Hong Kong 4/5

Our day 4 in Hong Kong was a Monday, and we headed to Central during the morning rush hour.  The MTR was a lot fun – like a Times Square bound 7 Train at Long Island City at 8:45 in the morning – maybe worse.  The lines on the platform weren’t even that long, but we had to wait till the third train before being able to barely squeeze on.  We didn’t even bring the stroller (put Xuan Xuan on the back), otherwise we could just forget it for the next hour or so.  It was the worst public transit rush hour I had seen, but I enjoyed it.  I believe that only highly demanded public transportation systems get enough public resources to keep them running efficiently and keep cars off the roads.

Our breakfast destination was Honolulu Coffee Shop, an HK-styled cafe.  Not sure what Hawaii had to do with this place, but we came for its tied-for-the-best-in-the-world egg tarts.  Depending on how you interpret the reviews, this place wasn’t hyped as “the best” but was the most respected flaky crust alternative.  We tried it and hot damn, sorry Golden Gate Bakery of San Francisco, we did love you once.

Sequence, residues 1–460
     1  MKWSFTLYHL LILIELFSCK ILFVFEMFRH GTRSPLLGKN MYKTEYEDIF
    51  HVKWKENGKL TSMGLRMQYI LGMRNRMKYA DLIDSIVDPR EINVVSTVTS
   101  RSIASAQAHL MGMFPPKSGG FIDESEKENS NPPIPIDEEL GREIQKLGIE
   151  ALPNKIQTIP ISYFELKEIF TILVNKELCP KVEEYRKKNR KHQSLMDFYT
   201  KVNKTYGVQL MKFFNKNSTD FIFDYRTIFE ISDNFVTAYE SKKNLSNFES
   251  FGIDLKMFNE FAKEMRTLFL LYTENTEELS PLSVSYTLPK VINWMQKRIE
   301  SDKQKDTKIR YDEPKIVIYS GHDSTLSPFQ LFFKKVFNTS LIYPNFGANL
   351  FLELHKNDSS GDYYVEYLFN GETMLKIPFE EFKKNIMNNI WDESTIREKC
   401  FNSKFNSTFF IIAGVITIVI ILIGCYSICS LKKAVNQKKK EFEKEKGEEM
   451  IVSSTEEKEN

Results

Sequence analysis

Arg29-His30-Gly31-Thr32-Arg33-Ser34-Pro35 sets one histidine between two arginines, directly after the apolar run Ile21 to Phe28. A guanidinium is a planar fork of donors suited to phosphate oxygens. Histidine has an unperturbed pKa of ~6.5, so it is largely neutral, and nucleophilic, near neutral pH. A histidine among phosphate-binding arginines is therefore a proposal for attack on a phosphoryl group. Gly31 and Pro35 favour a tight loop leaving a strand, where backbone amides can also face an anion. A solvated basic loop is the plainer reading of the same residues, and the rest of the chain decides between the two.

Flaky crust

Leaving Honolulu in awe, we waited for the famous Escalators to reverse in direction.  The “Blah-and-Blah Escalator Systems”, known as the world’s longest escalator system, had a pretty descriptive but lame name so it was commonly known just as the Escalators.  Starting from the center of Central, its many sections of moving walkways and escalators took people up and down the steep hills.  They ran only a single direction at a time, though, so we had to wait for the official end of morning commute hours, before they started sending people upward.

The “stone road”, parallel to the Escalators near the bottom.  Given its ancient looks, a lot of big movies supposedly filmed here

Climbing was a lot of fun

Random stuff that we found while waiting for the Escalators

The Escalators were a big tourist attraction that primarily served a functional purpose.  We rode them through downtown, colonial streets, and eventually into the residential areas.  It was a nice experience of the “local” lifestyle, although we did recognize that whoever lived in these neighborhoods probably shopped at those malls that we avoided.  Walked by a realtor’s office and took a peek at the listings.  400 square feet apartment further up the hill for over $3 million USD???  People with this kind of money in Beverly Hills were all driving multiple Bentley’s, but those here still had to climb stairs.